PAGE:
From the streets of Iraq to the mountaintops of Afghanistan and to the third floor of Osama Bin Laden's compound, operator Mark Owen of the U.S. Naval Special Warfare Development Group - commonly known as SEAL Team Six - has been a part of some of the most memorable special operations in history, as well as countless missions that never made headlines. No Easy Day puts listeners alongside Owen and the other handpicked members of the 24-man team as they train for the biggest mission of their lives.
In the fall of 2009, Taliban insurgents ambushed a patrol of Afghan soldiers and Marine advisors in a mountain village called Ganjigal. Firing from entrenched positions, the enemy was positioned to wipe out 100 men who were pinned down and were repeatedly refused artillery support. Ordered to remain behind with the vehicles, 21 year-old Marine corporal Dakota Meyer disobeyed orders and attacked to rescue his comrades.
"Very Good Read"
Hear a firsthand account of the life under cover within the violence-prone Montana Freemen organization. This disturbing memoir is also a subtly scathing commentary on the FBI and gives a revealing view of the extreme risks involved and courage demanded by undercover work of this type.
"a cautionary tale of working with the FBI"
Too often we look for shortcuts in our relationship with God. But when life derails, we find that our view of God is nothing more than a patchwork of rumors and secondhand information - too thin to sustain us in our moment of crisis. In those critical moments, we can choose to walk away from God...or let our questions lead us home.
Over one million Americans have served in Iraq and Afghanistan in the past four years, but fewer than 500 from this group have earned a Silver Star, Navy Cross, Air Force Cross, Distinguished Service Cross, or the Medal of Honor. Those who have been awarded these distinguished honors all demonstrated an extraordinary courage under fire in the worst of circumstances.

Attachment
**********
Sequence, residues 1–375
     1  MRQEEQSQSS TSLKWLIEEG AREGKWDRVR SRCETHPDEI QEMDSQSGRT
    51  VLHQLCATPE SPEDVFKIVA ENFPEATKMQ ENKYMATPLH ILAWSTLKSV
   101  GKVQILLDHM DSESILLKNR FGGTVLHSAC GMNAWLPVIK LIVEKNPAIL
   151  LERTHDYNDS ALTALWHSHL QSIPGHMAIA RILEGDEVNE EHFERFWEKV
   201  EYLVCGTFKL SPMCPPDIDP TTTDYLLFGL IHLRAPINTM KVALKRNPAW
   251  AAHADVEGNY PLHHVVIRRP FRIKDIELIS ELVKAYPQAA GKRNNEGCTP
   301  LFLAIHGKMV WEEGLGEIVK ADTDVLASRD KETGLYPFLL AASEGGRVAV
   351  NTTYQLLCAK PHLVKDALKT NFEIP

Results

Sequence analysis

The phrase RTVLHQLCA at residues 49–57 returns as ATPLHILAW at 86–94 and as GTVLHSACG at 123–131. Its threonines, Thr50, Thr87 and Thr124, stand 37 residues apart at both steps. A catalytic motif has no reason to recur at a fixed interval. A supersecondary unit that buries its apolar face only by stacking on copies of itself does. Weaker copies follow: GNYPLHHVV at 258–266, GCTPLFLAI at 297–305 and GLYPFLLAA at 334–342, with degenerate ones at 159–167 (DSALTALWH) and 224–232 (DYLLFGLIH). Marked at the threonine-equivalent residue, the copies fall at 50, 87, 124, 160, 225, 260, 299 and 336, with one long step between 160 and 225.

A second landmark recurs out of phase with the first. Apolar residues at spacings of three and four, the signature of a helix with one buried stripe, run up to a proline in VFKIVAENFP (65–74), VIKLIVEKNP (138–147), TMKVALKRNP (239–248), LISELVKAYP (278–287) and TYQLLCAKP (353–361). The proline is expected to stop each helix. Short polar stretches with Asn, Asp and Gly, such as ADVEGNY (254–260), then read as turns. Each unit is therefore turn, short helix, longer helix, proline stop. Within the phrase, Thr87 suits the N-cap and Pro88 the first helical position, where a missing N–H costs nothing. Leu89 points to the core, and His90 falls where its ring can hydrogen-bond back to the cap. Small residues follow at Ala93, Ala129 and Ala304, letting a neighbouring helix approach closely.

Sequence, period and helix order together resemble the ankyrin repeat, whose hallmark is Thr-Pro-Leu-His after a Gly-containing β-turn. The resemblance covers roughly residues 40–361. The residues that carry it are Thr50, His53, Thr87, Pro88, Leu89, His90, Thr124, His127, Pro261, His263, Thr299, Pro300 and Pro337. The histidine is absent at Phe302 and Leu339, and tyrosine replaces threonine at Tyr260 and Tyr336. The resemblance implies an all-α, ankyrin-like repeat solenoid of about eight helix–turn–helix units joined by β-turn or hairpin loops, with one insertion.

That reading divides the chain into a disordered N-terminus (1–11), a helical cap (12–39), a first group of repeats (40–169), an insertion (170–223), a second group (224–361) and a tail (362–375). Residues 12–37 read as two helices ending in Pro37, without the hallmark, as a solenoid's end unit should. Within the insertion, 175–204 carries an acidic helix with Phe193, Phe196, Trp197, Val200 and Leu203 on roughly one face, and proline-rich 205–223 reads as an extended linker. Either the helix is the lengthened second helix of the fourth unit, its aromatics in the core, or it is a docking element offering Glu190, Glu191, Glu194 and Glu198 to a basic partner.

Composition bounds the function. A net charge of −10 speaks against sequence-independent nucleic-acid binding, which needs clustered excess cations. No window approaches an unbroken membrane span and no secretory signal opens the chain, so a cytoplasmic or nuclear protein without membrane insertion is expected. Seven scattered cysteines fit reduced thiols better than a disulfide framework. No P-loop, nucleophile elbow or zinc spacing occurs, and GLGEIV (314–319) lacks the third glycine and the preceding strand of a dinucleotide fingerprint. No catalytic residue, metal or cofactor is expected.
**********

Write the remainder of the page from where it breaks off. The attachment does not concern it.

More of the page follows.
"Men/Women Fighting for USA"
These are personal reminiscences of Grant which allow us to peer back in time to see him through the eyes of those who knew him. Some of the anecdotes describe brief encounters with Grant, while others are from historically prominent men who knew Grant well. What they have in common are the intimate details that reveal the personality and character of General Grant.
On the 12th of April 1865, the Army of Northern Virginia marched to the field in front of Appomattox Court-House, stacked their arms, folded their colors, and walked off empty handed to find their distant, blighted homes. These are detailed and moving first-hand accounts from a number of prominent witnesses to Robert E. Lee's surrender of the Army of Northern Virginia at Appomattox.
"Appomattox as told by the participants"
This audiobook tells the story of the brave officers and men of the nuclear attack submarine USS Queenfish who made the first survey of an extremely important and remote region of the Artic Ocean. The unpredictability of deep-draft sea ice, shallow water, and possible Soviet discovery all played a dramatic part in this fascinating 1970 voyage.
"For naval and arctic explorers and Cussler fans"
Seth is laid off from work. His wife Lara just found out they are expecting a baby this summer. Seth plans on documenting the entire pregnancy with his brand new digital camcorder. During an evening home watching television, the news reports that a swarm of cicada (Brood Ten) are expected to overwhelm the entire Northeast. Brood Ten is vicious and ready to invade.
Every person inherits a system of beliefs. Maybe yours came from community, or church, or society, or your parents. But one day you reach a breaking point. You look at the rituals and traditions and worship and theology and it all seems foggy. Foreign. Strange. You wonder why you believe what you believe. If you even believe anymore... Brothers Ryan and Josh Shook reached that breaking point. Their book, Firsthand, is a smart, honest and deeply felt journey that invites you to leave behind handed-down beliefs and find authentic faith.
Sixty years after Mount Everest was first climbed, this unique book of letters celebrates, in a very personal way, this most majestic of mountains. With exclusive access to the private archives of pioneering New Zealand climber George Lowe, this is a welcome tribute to an unsung hero.The ascent of Everest in the summer of 1953 was one of the twentieth century’s great triumphs of exploration. George Lowe’s efforts on the mountain were crucial to the endeavour.